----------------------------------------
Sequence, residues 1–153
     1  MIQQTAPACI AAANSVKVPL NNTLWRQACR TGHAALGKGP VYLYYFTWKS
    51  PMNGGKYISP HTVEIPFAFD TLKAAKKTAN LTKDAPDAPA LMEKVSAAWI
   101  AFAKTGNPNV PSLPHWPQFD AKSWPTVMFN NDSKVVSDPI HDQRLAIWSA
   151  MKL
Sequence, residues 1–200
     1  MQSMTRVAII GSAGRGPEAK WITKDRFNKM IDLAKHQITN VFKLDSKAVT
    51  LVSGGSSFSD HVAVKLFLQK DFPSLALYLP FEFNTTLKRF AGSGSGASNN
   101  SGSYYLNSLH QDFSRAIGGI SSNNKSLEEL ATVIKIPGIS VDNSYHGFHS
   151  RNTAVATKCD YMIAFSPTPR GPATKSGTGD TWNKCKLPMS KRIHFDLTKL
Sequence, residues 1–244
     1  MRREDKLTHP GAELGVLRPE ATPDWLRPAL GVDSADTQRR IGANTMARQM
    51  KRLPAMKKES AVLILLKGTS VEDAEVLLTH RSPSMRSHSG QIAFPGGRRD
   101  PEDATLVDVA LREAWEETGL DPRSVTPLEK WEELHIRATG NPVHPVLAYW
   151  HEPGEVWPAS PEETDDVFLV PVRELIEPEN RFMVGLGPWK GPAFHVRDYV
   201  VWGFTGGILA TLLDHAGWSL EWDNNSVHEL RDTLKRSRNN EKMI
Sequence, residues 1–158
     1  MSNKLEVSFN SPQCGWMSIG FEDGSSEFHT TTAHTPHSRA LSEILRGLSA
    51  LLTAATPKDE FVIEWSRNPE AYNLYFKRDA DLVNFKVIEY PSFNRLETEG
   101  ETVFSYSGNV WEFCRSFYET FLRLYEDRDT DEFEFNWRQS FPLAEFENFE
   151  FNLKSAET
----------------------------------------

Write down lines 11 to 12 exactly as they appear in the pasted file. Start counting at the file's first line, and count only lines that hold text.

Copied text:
Sequence, residues 1–244
     1  MRREDKLTHP GAELGVLRPE ATPDWLRPAL GVDSADTQRR IGANTMARQM